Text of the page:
I am forwarding your blog post to the leadership team and literacy leaders at my childrens’ school – only a stones throw from where you are – as I continue in my quest to engage them in a rigorous conversation about shifting their balanced literacy program to one based on the Science of Reading. It is a battle royale – but I refuse to give up and accept inadequacy that results in way too many instructional casualties. I said in another post on this topic, I am just waiting for Skippy the Frog and friends to arrive home to compliment this fluff – but we will be ready and waiting with the Decoding Dragon to make light work of them!
    Continued thanks Alison for all you do to support children and families!

  5. Tanya Serry says:

    Hi Alison, Would you consider re-releasing your Reading Eggs blog?

  6. AJ says:

    It is shocking to observe Year 1 students guessing at written CVC words during a rhyming activity. They are at sea after the first sound…I feel like an alien in a foreign land.

  7. Mary Bracy says:

    Hang in there, Allison! Across the ocean in NY many people I know have been reading your material and adjusting their instruction. You may want to pull your hair out but you ARE having an impact. You are planting seeds for a forest from which our future children/students will benefit! What if you didn’t?!! You go girl! I have learned so much from you and when I forget something or need a refresher, I hit YouTube and watch a great video with a pillowcase brain or some 1970’s toys that you made to make information more accessible to adults haha!!! We NEED you!!!

    • alison says:

      Thankyou, Mary! That lovely feedback is very much appreciated. There are always a few people who criticise me for being negative, but it’s hard NOT to feel a bit negative when you work day in, day out with children who have been let down by our education system. But people like yourself pick me up again and make me realise we really are making progress, and one day nobody will dream of teaching children to ‘read’ by guessing and memorising words rather than decoding. All the very best, Alison

  8. Scott says:

    I’ve recently been observing students in class to see why their SSP intervention doesn’t seem to be “sticking”. Turns out they are getting the same old whole language instruction during class time (instead of having their SSP strategies reinforced). One lesson was taken by a second teacher whilst the primary teacher did guided reading. Teacher 2 is their language specialist so they were giving kids the occasional instruction in that language “OK, everyone let’s look for something in the picture that is the colour aspro”. One young bloke was in tears because he was so confused. It took her 40 minutes to read the first page of the book to the class because they spent so much time looking at the pictures and getting their mouth ready for tricky words (what is a tricky word? How can a student get their mouth ready if they can’t read it?”) . They also attempted to build vocabulary mid story by looking at stuff in the pictures that might give you a clue what a “miller” was and what they do.

    • alison says:

      OMG, what is the colour aspro? No wonder someone burst into tears. We speech pathologists know a fair bit about mouths and find all that ‘get your mouth ready’ stuff simply bizarre. So so sorry that what’s happening in the classroom is undermining quality intervention. Such a pity so few teachers are given the knowledge and skills they need to teach literacy really well, it’s bad for them too. Alison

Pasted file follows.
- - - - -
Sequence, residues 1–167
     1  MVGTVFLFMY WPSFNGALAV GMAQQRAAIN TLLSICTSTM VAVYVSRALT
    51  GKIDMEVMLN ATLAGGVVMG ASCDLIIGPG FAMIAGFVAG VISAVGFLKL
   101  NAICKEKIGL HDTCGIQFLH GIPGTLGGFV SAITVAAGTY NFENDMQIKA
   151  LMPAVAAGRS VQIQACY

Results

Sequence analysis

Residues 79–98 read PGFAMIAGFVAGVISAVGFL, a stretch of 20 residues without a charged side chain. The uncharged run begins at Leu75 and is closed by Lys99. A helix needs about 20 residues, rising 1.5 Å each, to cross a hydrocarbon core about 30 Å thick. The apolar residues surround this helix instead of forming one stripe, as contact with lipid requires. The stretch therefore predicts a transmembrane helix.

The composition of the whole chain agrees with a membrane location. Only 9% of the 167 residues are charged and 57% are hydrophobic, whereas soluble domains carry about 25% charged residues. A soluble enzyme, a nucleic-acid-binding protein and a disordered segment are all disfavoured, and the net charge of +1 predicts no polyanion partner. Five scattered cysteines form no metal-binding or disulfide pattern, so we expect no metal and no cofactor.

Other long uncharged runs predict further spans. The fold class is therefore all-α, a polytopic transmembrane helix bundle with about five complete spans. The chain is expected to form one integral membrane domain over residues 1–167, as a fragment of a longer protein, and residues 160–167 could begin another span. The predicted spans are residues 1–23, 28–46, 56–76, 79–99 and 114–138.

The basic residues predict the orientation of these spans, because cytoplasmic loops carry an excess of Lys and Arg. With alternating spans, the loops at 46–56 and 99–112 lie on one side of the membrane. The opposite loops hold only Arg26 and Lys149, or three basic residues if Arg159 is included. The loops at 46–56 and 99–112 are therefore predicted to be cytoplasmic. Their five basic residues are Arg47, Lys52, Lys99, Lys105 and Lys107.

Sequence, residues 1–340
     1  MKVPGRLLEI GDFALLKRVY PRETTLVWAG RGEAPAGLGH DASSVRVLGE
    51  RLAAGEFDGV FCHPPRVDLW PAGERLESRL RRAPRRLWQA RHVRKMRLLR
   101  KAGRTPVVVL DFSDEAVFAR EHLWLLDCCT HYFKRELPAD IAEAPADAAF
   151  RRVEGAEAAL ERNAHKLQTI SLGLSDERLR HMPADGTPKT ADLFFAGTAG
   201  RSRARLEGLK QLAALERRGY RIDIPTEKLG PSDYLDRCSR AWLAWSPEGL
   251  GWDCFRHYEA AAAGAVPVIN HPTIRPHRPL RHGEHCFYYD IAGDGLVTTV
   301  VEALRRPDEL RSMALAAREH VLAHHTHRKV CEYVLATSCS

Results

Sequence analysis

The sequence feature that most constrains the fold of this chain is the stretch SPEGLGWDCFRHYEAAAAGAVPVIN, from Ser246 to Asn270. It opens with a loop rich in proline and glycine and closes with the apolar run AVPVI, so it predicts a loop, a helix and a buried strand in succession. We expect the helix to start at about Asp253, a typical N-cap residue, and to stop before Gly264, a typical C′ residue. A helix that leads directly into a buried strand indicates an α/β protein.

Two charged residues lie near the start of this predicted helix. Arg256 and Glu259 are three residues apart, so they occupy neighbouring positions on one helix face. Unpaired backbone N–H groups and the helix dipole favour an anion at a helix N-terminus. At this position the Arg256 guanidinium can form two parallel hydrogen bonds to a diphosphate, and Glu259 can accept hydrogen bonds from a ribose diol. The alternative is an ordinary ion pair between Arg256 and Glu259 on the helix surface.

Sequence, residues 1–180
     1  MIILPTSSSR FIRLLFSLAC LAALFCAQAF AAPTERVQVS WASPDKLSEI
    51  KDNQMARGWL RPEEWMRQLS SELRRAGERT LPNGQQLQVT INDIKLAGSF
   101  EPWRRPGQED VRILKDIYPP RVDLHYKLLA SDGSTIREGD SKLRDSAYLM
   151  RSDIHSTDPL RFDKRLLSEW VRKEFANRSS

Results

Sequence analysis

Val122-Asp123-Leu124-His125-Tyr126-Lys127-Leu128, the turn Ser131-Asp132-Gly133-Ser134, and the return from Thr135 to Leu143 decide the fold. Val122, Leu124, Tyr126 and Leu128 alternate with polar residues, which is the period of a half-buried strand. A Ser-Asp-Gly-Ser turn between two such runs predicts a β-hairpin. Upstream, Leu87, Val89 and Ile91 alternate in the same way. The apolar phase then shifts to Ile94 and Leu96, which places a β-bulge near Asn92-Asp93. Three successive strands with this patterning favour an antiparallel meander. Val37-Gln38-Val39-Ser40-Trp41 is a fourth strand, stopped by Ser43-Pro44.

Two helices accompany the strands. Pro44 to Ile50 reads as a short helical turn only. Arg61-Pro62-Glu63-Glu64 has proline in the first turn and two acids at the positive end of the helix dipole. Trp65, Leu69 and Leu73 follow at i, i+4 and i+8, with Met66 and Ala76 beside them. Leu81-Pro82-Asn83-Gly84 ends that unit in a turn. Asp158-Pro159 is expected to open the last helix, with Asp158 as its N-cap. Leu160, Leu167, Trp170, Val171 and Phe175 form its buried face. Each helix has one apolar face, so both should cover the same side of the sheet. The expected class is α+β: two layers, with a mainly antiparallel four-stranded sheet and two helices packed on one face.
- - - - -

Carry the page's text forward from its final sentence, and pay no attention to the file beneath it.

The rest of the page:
9. Georgina Georgalli says:

    Excellent read. Just wondering if you have any thoughts on the program-‘Teach your monster to read’? as my school is thinking to set up our students on this as an alternative to Reading Eggs.

    • alison says:

      Hi Georgina, I haven’t used Teach Your Monster To Read much but I have it on my iPad. It wasn’t my favourite when I tried it a couple of years ago, and I just had another look now, and it still isn’t, but I’m not a little kid or someone working with mainstream learners. I am only interested in high repetition sound-to-print phonics in real words, not ‘find the letter that makes the sound’ type activities. But it’s almost certainly a better option in terms of phonics content than Reading Eggs.

    • Scott S says:

      I know some SoR schools are using it in combination with Nessy and Ozphonics. My son liked it when he was 4-5yo and it started teaching similar skills to Nessy’s Hairy Letters and Hairy Phonics, but scaled up to some advanced skills like decodable sentences. My son didn’t finish TYMTR so I don’t know how advanced it gets.

  10. Scott S says:

    Aspro is Greek for white 🙂

    I sat with a student during their independent reading and they just flipped through a book and made up a story based on the pictures. I know they have had at least 1 year of 1:1 SSP intervention, so I had them read a decodable book I had on my iPad. Wouldn’t you know it, they magically managed to work out what most of the words were by sounding them out.

    I work across a bunch of schools and the disconnection between what is taught in the interventions and classrooms is an issue in a lot of them. I’m in the process of looking at the research around this issue to back up my statements to schools on how this reduces the effectiveness of the interventions, but this is slow going given all the other work I have to do.

  11. Claire P says:

    I’m a Speechie in QLD, working in 2 schools. In QLD, schools (both public and private) have access to Speech Pathology support – either visiting or working as part of the teams in schools. I think this model has worked well in slowly bringing evidence-based practice to the teaching of literacy ‘on the ground’. I’ve found (as have many of my colleagues) that many teachers and student support staff are eager to listen and implement the strategies we suggest, as much as they can whilst working under a particular system. Many early years teachers also lament that they aren’t taught this information at university. It’s my understanding that in Victoria, you don’t have Speechies working at or with schools… you and many others might already be doing this, but maybe advocating for schools to access more SP support might be a way of creating that positive change? I’m aware of a research project underway here in Brisbane looking at the efficacy and impact of SPs in schools. I’m wondering if there’s other models of our kind across the globe that might have been researched, and whether that could be used to change what’s happening in Vic (and other Australian states)? If anyone’s aware of any, please let me know!